"Portland Police have been working with the community to increase transparency and accountability, and this is another tool in that toolbox," said Mayor Charlie Hales, commissioner in charge of the Bureau. "This is a tool for the public and the media to better understand how crime looks in our city so they have the information to hold us accountable. I don't quote Ronald Reagan very often, but 'trust but verify.'"
The public is invited to explore the website, found at: http://www.pdx.edu/crime-data/
THURSDAY, FEB. 19, 2015 — In a 3-2 decision, the Portland City Council today voted to join the FBI's Joint Terrorism Task Force. Mayor Hales said it was a difficult decision — 51/49 in his mind. In this video he discusses his decision. Below, find a transcript of Mayor Hales' remarks at City Council.
Mayor Hales introduces the Joint Terrorism Task Force agenda item:
"Let me first set the stage ... We wanted to set this up as two clearly articulated alternatives for the council given, to my mind and I think in all our minds, that the current arrangement that we have had for our work with the Federal Bureau of Investigation on terrorist issues has not been satisfactory, in that we didn't have the level of participation that some asked for, we didn't have the level of clarity and communication back to the city that I would expect. So we tried to put this on the table before the council in an obvious and clear dichotomy, and then let the community give us their opinions.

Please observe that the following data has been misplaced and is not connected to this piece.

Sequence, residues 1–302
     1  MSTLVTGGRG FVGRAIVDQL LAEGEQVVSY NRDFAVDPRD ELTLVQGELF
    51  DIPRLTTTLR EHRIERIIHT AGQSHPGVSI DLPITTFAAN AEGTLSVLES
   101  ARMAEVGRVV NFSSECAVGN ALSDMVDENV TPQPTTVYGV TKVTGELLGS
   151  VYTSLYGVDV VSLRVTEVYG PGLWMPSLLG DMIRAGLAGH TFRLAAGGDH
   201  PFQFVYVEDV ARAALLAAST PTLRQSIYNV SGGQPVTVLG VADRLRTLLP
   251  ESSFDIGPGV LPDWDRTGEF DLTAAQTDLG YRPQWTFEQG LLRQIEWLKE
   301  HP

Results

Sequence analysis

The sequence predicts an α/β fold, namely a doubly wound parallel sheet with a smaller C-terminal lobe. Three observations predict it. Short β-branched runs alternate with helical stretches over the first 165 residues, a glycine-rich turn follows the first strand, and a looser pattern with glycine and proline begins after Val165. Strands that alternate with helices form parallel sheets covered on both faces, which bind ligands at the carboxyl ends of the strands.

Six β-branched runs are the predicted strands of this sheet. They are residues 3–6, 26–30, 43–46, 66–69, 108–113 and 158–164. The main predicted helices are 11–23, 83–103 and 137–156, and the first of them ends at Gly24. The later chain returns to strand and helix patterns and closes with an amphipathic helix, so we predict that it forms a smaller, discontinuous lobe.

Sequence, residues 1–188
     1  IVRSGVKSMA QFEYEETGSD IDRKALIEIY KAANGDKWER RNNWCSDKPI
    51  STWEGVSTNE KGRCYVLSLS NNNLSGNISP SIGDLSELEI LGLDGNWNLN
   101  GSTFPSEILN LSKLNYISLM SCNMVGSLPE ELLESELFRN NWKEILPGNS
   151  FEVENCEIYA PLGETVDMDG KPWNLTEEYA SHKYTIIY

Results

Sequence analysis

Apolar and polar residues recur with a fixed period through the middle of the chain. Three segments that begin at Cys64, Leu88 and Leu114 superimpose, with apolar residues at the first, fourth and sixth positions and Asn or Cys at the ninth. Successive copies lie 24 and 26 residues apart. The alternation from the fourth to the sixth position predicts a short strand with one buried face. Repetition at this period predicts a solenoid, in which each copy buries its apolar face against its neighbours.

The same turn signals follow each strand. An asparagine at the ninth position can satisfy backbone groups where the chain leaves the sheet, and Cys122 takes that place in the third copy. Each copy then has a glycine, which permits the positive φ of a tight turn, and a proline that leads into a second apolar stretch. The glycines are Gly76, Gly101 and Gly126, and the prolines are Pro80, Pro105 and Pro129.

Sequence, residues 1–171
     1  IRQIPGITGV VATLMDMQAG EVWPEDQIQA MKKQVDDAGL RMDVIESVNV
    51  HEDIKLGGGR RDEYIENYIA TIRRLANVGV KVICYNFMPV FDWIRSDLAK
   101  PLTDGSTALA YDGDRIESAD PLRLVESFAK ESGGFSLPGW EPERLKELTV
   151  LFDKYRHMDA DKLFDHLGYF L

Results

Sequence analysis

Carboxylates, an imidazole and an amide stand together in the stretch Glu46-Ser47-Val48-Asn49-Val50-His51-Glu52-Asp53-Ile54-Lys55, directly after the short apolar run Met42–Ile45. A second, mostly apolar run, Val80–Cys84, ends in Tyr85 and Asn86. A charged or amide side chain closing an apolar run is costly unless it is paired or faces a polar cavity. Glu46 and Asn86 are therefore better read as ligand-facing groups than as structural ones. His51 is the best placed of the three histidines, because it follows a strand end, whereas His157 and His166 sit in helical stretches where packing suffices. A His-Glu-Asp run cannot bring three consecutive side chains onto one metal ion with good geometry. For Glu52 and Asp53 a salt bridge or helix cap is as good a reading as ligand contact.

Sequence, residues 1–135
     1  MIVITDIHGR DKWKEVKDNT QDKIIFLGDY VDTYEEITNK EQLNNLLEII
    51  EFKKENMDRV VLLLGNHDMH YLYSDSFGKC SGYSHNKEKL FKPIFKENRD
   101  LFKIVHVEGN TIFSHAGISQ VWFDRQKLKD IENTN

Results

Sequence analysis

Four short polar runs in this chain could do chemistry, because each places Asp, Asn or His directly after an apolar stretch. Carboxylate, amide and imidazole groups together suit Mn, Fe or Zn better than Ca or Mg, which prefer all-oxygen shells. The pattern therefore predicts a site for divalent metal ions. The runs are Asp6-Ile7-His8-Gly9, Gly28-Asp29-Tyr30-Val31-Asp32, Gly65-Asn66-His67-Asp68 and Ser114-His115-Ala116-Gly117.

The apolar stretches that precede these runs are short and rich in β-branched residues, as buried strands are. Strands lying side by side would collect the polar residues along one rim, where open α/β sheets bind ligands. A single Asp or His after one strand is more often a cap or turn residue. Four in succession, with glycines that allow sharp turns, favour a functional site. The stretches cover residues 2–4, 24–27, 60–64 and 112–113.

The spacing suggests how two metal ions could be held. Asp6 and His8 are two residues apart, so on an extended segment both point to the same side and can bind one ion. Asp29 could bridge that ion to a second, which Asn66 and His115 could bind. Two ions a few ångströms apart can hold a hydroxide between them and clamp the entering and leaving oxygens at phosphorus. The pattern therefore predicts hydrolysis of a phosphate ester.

"We have certainly heard from a lot of people on this issue. I heard some strong feelings. I have to tell you, this is probably the most one of the most difficult decisions for me to address while I have been on the council this term. The first time around, when this came before the council, I voted against participating. There are very good reasons for that opinion. In fact, there are things that still weigh strongly in my mind towards not participating. There's also now some very strong and compelling arguments on the other side.
"I want to take the prerogative of the chair and in a moment take up first, No. 197, which is the memorandum to participate. I believe in my own mind, after weighing all this, that we should participate, but that we should with some very clear caveats and understandings among ourselves. I'll go ahead and make my statement now at the outset rather than waiting to the ends when I vote.